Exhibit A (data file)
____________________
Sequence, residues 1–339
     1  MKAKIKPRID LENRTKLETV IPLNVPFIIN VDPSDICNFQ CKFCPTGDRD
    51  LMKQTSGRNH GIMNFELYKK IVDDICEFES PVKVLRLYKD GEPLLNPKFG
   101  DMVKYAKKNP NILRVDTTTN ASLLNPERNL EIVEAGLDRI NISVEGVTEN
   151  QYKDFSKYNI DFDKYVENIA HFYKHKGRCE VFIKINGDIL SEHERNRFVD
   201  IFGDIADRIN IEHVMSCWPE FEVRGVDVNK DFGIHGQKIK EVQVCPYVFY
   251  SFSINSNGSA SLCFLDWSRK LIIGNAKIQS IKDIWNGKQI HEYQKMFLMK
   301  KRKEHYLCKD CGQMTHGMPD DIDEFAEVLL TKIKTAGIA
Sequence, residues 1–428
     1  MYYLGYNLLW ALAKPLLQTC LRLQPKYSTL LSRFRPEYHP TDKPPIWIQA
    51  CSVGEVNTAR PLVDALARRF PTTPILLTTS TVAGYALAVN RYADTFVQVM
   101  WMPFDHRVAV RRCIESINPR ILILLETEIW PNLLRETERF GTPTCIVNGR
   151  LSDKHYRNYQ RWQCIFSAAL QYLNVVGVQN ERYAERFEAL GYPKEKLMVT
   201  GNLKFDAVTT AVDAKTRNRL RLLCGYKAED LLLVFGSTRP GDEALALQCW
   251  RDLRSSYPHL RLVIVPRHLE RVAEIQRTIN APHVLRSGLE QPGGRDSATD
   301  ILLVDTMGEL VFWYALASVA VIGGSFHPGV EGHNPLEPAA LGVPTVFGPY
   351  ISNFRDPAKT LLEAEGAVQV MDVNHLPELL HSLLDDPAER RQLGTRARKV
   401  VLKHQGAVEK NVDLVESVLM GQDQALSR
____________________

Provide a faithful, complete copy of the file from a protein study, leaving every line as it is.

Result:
Sequence, residues 1–339
     1  MKAKIKPRID LENRTKLETV IPLNVPFIIN VDPSDICNFQ CKFCPTGDRD
    51  LMKQTSGRNH GIMNFELYKK IVDDICEFES PVKVLRLYKD GEPLLNPKFG
   101  DMVKYAKKNP NILRVDTTTN ASLLNPERNL EIVEAGLDRI NISVEGVTEN
   151  QYKDFSKYNI DFDKYVENIA HFYKHKGRCE VFIKINGDIL SEHERNRFVD
   201  IFGDIADRIN IEHVMSCWPE FEVRGVDVNK DFGIHGQKIK EVQVCPYVFY
   251  SFSINSNGSA SLCFLDWSRK LIIGNAKIQS IKDIWNGKQI HEYQKMFLMK
   301  KRKEHYLCKD CGQMTHGMPD DIDEFAEVLL TKIKTAGIA
Sequence, residues 1–428
     1  MYYLGYNLLW ALAKPLLQTC LRLQPKYSTL LSRFRPEYHP TDKPPIWIQA
    51  CSVGEVNTAR PLVDALARRF PTTPILLTTS TVAGYALAVN RYADTFVQVM
   101  WMPFDHRVAV RRCIESINPR ILILLETEIW PNLLRETERF GTPTCIVNGR
   151  LSDKHYRNYQ RWQCIFSAAL QYLNVVGVQN ERYAERFEAL GYPKEKLMVT
   201  GNLKFDAVTT AVDAKTRNRL RLLCGYKAED LLLVFGSTRP GDEALALQCW
   251  RDLRSSYPHL RLVIVPRHLE RVAEIQRTIN APHVLRSGLE QPGGRDSATD
   301  ILLVDTMGEL VFWYALASVA VIGGSFHPGV EGHNPLEPAA LGVPTVFGPY
   351  ISNFRDPAKT LLEAEGAVQV MDVNHLPELL HSLLDDPAER RQLGTRARKV
   401  VLKHQGAVEK NVDLVESVLM GQDQALSR